Be better than Fred Phelps: Do not celebrate his death


On March 19 of this year, one of the most infamous religious figures of my lifetime in the United States passed away.  His name was Fred Phelps and this is in no way a eulogy for the despicable life he lived or the message he charged his Westboro Baptist Church congregation to spread. Instead, it is a reminder to all of us not to stoop to his level in our treatment of his death.
Headlines on the day of his death included "Good riddance, Fred Phelps" and "The marvelously pathetic death of Fred Phelps."  Many people in American society viewed his death as a potential positive because he would no longer be able to protest at the funerals of fallen soldiers and openly gay public figures with signs that read "Thank God for Dead Soldiers" and "God Hates Fags." But our collective excitement about his passing really tells us a lot about what is wrong in our own society.
Fred Phelps' death did not give me solace or peace of mind.  While the United States is a better place to live because of Phelps passing, death should never be a reason to celebrate.  Dancing on Phelps's grave will not help his message of hate die along with him.  We as bystanders are stooping to his sinister level by celebrating a death in the same way that his church did at the funerals of fallen soldiers and homosexuals.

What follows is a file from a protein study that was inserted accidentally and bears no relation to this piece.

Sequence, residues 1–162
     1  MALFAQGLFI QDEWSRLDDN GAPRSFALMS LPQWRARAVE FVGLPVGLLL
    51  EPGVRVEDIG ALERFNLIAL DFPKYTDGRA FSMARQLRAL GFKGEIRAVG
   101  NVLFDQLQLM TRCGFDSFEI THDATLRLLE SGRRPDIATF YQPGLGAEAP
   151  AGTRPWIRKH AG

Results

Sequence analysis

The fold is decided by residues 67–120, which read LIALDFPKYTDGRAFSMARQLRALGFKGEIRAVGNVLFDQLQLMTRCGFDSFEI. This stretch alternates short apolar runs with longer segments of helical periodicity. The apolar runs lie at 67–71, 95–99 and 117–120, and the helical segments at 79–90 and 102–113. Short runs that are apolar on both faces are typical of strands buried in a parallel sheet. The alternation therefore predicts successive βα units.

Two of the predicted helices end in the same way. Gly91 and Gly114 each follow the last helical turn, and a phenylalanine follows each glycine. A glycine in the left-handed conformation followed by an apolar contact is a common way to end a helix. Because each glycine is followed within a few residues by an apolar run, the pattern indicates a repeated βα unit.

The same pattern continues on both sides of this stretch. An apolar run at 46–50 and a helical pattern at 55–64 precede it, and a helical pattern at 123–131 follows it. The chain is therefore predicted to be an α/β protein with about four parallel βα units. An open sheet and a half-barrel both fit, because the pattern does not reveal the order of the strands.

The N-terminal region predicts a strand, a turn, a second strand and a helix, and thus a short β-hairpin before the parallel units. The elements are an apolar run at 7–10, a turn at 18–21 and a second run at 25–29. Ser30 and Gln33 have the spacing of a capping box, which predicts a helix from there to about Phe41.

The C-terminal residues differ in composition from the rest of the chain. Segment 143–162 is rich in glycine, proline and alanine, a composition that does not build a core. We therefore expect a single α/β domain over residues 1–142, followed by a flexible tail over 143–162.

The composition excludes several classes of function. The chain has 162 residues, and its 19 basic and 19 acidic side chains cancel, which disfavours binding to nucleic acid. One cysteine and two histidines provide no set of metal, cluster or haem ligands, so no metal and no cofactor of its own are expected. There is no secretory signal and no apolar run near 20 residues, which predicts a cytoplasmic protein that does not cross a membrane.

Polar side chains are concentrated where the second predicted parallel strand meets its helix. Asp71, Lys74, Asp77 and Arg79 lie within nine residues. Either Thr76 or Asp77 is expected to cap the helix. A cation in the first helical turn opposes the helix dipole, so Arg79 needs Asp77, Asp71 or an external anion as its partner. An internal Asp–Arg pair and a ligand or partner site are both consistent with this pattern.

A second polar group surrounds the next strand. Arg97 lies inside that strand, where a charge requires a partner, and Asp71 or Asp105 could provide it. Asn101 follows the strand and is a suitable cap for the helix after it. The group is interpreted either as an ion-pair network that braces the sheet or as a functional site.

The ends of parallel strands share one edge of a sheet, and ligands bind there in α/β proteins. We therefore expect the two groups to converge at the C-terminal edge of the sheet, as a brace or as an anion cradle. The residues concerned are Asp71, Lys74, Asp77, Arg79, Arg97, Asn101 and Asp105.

Phelps is not the only figure to be given this sort of community happiness regarding his death.  At the beginning of my undergraduate career at DePauw University, another infamous figure, Osama Bin Laden, was killed. The US military operation in Pakistan that killed Bin Laden aimed to eliminate the mastermind behind the September 11 attacks on the World Trade Centers.
Bin Laden's death garnered a much more vocal outcry of public excitement and was met with images of American citizens dancing in the streets on television. DePauw's reaction included American themed parties and patriotic music being blared around campus.
Neither Fred Phelps nor Osama Bin Laden should be mourned for. But more importantly, if the United States' beliefs are to be beacons of human civilization and progress, we should never, under any circumstance, celebrate the death of another person.
Both Bin Laden and Phelps did not understand common human decency; both men did not give others or their families the respect in death that they deserved.  But by repeating their actions in response to their deaths, we unintentionally become complicit in what we hated both of them for doing.
The choices we make while living will inevitably define who we are and what legacy we leave behind for future generations.  The aforementioned figures made their decisions, and their legacies will reflect the evil they brought into the world with their actions. Our decisions should not add more hated to their legacies.
Being the bigger person and rising above the hate you might feel for either of these figures might be a difficult thing to do, but by not doing it you are letting their message of hatred live on after they have died.

- Small is a senior history and political science major from Zionsville, Ind.